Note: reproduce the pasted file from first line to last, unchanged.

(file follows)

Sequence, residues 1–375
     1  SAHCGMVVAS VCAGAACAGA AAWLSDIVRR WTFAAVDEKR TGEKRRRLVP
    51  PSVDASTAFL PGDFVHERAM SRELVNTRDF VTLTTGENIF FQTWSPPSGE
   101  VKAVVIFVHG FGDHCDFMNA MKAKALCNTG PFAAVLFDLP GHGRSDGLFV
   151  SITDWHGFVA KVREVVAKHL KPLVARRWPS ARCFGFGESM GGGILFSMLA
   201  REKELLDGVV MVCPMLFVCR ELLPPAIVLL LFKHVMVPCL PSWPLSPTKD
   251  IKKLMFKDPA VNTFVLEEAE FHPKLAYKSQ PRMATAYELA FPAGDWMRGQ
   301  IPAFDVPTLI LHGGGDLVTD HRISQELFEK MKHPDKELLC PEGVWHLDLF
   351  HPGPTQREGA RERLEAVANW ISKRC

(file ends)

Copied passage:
Sequence, residues 1–375
     1  SAHCGMVVAS VCAGAACAGA AAWLSDIVRR WTFAAVDEKR TGEKRRRLVP
    51  PSVDASTAFL PGDFVHERAM SRELVNTRDF VTLTTGENIF FQTWSPPSGE
   101  VKAVVIFVHG FGDHCDFMNA MKAKALCNTG PFAAVLFDLP GHGRSDGLFV
   151  SITDWHGFVA KVREVVAKHL KPLVARRWPS ARCFGFGESM GGGILFSMLA
   201  REKELLDGVV MVCPMLFVCR ELLPPAIVLL LFKHVMVPCL PSWPLSPTKD
   251  IKKLMFKDPA VNTFVLEEAE FHPKLAYKSQ PRMATAYELA FPAGDWMRGQ
   301  IPAFDVPTLI LHGGGDLVTD HRISQELFEK MKHPDKELLC PEGVWHLDLF
   351  HPGPTQREGA RERLEAVANW ISKRC